read more

Sunday, February 19, 2012

SPD Parent Support Meeting

12:30 - 2:00PM
following the theraputic listening seminar
Lynn Valley Library, Program Room

SPD Parent Support Meeting
For parents and caregivers of children with sensory issues.

How to talk to your child about his/her Learning disability
Brainstorm other topics of interest for upcoming meetings
schedule next meeting

Entrance Fee: donation
refreshments served

Therapeutic Listening seminar

10:00AM - 11:30AM
Lynn Valley Library, Program Room

Theraputic Listening Seminar

Therapeutic Listening (as part of a Sensory Integration program) helps with a child’s life skills development; improving alertness, motor planning, emotional modulation, organisation, and verbal communication.

Entrance Fee: $10 at the door

Thursday, February 9, 2012

Institute of HeartMath Webinar

Institute of HeartMath Webinar

more on Positive Discipline

Okay, so remember my last post? Back Talk and Disrespect? The information was taken from Jane Nelsen et al. (Positive Discilpine: A-Z). Well, according to The Institute on HeartMath, "author, speaker, educator, psychologist and counselor Dr. Jane Nelsen," is "one of today’s leading and most respected voices on the subject (of positive discipline)."
Sign-up for the free webinar on Cultivating Positive Discipline for Children with Jane Nelsen, author/co-author of bestselling Positive Discipline series and HeartMath Education Specialist Jeff Goelitz.

Wednesday, January 25, 2012

Back Talk and Disrespect

"....but everyone at school back talks"! says John at our family meeting. Back Talk and disrespect was our main issue at this weeks family meeting. It's getting out of hand in our house....the back talk....with pointers from the book entitled "Positive Discipline" we spoke about the issue and talked about how to approach it.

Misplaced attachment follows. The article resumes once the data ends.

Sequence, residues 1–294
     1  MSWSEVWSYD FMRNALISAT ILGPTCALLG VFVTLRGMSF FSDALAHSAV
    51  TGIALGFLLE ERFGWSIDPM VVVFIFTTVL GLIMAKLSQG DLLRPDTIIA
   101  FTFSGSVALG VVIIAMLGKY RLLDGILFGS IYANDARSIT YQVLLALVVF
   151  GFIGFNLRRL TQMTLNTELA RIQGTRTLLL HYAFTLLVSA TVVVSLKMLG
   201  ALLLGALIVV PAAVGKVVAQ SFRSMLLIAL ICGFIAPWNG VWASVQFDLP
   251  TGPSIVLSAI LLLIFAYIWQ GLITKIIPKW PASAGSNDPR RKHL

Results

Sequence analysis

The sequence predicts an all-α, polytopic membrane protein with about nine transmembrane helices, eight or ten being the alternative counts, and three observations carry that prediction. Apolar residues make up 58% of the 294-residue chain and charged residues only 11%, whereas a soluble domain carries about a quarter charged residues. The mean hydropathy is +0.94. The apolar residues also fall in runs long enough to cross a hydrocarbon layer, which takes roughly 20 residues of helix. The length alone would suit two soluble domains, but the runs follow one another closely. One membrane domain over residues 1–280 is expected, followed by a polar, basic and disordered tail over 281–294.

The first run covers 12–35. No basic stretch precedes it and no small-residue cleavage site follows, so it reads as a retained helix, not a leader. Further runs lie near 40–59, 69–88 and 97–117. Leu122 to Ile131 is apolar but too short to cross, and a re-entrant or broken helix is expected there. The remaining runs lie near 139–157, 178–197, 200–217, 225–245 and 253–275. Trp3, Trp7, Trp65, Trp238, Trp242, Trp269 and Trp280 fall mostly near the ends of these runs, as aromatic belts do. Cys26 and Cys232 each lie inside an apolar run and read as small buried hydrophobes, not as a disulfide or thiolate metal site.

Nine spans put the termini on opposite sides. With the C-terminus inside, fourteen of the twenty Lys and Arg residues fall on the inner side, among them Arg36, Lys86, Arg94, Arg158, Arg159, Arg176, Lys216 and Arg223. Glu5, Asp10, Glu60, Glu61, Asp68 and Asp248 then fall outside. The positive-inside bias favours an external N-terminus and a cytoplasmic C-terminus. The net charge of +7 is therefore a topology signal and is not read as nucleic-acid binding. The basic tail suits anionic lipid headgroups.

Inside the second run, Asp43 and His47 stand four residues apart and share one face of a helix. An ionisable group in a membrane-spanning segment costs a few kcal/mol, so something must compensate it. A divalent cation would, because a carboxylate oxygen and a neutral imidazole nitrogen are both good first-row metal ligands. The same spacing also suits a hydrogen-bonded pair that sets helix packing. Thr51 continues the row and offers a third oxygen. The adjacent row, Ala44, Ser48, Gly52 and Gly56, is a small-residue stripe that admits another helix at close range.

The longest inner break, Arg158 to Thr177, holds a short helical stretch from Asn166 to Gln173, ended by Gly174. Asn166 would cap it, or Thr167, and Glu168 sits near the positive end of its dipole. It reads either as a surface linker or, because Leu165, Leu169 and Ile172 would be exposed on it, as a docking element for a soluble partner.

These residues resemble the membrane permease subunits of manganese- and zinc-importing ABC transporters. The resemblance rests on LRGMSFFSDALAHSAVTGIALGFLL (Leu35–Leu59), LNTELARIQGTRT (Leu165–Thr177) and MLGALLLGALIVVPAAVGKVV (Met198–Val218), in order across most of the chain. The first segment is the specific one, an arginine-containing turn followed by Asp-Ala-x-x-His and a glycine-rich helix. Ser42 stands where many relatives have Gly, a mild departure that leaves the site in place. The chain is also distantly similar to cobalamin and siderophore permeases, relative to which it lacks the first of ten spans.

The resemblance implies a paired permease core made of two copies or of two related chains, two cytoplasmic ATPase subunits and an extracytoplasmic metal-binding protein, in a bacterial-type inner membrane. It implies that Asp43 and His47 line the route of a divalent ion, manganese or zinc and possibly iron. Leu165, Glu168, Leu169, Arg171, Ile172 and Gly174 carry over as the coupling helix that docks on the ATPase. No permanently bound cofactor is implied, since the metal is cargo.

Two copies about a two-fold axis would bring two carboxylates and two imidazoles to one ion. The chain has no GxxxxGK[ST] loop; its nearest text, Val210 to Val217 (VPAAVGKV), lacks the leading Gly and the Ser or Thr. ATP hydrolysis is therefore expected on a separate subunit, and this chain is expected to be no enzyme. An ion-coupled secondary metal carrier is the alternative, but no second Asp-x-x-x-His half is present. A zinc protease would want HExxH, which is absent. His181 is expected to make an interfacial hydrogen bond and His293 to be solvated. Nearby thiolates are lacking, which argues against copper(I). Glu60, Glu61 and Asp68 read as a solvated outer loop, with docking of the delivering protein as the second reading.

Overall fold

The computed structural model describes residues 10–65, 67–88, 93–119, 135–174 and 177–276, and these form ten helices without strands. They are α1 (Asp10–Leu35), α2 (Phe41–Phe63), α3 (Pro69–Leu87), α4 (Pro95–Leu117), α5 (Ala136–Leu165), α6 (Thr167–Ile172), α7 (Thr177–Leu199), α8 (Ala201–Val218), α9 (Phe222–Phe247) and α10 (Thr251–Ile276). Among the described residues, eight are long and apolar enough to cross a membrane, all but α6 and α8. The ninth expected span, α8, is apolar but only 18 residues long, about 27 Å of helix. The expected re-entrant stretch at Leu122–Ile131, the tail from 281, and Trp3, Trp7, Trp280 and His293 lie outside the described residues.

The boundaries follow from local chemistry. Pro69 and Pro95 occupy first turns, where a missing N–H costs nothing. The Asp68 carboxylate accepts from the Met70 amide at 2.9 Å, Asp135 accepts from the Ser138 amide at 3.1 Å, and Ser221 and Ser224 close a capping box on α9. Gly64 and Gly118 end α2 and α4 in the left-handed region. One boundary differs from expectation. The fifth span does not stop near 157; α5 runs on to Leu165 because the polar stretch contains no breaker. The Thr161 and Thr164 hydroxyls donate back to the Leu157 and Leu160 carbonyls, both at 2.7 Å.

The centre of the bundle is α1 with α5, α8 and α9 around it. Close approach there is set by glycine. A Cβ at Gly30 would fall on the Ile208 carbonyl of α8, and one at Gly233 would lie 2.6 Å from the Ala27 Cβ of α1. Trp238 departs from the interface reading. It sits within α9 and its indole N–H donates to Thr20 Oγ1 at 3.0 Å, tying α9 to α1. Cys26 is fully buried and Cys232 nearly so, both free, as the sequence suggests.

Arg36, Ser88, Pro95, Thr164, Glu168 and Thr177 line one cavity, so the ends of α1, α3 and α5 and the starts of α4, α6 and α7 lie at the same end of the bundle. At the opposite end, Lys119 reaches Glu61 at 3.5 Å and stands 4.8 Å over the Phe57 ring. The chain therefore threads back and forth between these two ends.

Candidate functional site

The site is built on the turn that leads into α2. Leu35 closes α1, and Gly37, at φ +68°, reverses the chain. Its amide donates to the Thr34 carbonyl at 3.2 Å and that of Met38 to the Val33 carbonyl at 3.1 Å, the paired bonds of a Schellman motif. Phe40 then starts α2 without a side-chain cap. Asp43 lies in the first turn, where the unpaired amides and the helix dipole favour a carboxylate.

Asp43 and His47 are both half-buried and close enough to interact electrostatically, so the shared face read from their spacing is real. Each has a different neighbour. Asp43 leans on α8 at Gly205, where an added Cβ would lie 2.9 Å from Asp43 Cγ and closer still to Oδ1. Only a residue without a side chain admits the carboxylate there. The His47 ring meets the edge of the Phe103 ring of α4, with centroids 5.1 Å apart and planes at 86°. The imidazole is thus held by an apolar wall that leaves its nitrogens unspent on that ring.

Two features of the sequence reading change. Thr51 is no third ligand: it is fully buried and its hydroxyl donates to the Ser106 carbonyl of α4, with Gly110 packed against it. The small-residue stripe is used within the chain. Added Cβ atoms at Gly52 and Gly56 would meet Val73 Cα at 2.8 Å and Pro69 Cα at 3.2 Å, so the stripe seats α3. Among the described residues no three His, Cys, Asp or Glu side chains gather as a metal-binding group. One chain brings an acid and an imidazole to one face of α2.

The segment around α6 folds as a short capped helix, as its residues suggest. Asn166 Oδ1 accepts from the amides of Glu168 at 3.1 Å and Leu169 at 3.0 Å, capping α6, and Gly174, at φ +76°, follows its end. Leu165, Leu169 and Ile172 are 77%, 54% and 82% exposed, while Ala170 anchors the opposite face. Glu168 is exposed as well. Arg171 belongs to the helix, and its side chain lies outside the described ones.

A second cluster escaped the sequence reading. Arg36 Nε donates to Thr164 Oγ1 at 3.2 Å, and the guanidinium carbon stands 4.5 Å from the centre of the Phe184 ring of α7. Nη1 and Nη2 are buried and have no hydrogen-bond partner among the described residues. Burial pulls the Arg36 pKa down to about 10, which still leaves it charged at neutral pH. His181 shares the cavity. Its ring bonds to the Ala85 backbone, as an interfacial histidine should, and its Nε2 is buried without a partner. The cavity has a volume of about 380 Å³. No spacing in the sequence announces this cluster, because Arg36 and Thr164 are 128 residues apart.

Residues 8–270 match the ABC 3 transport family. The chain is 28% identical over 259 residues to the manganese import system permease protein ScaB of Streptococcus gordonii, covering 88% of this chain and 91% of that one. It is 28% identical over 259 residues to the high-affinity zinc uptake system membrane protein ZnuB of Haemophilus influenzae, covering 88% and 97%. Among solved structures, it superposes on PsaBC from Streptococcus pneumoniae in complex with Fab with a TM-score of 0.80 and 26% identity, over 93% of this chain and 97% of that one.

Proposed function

John doesn't understand why everyone at school does it and wants me to talk to his teacher, so we can get everyone to stop....oh, if it was that easy....!

If anyone is interested in Jane Nelsen et al. (Positive Discilpine: A-Z) solutions to this issue, I "cut and paste" their comments above.

Blog Archive

Sensory Processing Disorder (SPD)

Sensory processing disorder (SPD) is a neurodevelopmental disorder that affects at least one in twenty children. Children with SPD don't process or experience sensory information the way other typical children do; therfore, they don't behave the way other children do. They struggle to perform tasks that come easier for other children. Consequently they suffer a loss of quality in their social, personal, emotional and academic life.

The Sensory Processing Disorder Foundation is dedicated to continue their research into the knowledge and treatment of SPD, so that, as Lucy Jane Miller writes in her book "Sensations Kids", "the millions of sensational children currently "muddling through" daily life will enjoy the same hope and help that research and recognition already have bestowed on coutless other conditions that once baffled science and disrupted lives."